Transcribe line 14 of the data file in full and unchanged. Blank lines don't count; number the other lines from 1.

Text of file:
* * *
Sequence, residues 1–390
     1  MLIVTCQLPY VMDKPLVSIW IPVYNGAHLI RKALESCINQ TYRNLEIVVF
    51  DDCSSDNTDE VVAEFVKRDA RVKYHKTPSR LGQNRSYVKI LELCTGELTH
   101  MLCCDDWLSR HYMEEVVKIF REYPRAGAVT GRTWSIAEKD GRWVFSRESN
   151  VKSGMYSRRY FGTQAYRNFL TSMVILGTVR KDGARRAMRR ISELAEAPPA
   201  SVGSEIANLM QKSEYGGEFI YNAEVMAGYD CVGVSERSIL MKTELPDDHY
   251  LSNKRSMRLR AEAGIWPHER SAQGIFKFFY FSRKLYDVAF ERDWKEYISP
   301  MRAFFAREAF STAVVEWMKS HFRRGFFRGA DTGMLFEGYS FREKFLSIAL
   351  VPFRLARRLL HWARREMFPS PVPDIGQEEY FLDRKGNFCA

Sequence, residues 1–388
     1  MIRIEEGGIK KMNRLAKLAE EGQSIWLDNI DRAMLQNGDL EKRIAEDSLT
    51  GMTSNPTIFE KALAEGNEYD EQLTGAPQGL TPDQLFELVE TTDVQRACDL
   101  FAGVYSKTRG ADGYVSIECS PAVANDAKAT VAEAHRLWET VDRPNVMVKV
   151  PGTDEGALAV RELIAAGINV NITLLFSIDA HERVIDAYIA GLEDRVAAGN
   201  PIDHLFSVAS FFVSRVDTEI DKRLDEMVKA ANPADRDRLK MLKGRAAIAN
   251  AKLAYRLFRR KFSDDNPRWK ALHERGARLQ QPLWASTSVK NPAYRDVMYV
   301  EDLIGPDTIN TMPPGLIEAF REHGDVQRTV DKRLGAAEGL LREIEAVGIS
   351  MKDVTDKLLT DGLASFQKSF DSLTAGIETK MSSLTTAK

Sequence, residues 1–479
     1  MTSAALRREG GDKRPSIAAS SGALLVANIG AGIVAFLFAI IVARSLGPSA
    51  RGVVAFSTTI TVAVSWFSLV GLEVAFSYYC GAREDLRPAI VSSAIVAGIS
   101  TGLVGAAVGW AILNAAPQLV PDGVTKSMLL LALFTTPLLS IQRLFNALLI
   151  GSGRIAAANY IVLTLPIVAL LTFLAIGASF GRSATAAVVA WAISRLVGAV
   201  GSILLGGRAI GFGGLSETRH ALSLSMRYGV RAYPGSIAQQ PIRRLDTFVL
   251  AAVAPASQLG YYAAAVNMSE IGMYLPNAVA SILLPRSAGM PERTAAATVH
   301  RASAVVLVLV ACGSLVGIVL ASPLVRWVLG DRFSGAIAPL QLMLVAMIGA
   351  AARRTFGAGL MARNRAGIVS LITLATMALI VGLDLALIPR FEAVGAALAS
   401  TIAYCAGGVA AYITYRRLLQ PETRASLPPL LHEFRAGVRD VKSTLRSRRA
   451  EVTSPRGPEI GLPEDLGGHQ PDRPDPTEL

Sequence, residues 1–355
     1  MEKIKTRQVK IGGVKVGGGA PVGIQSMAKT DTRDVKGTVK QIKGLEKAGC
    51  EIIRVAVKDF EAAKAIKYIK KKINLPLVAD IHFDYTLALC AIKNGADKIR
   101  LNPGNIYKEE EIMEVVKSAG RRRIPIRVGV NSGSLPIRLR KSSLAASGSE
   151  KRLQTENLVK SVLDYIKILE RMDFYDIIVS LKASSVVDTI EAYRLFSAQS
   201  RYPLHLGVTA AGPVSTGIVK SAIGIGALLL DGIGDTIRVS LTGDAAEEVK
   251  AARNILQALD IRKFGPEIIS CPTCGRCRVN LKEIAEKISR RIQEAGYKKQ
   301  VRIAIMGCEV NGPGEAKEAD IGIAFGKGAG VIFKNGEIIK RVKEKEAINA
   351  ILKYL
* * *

   151  PGTDEGALAV RELIAAGINV NITLLFSIDA HERVIDAYIA GLEDRVAAGN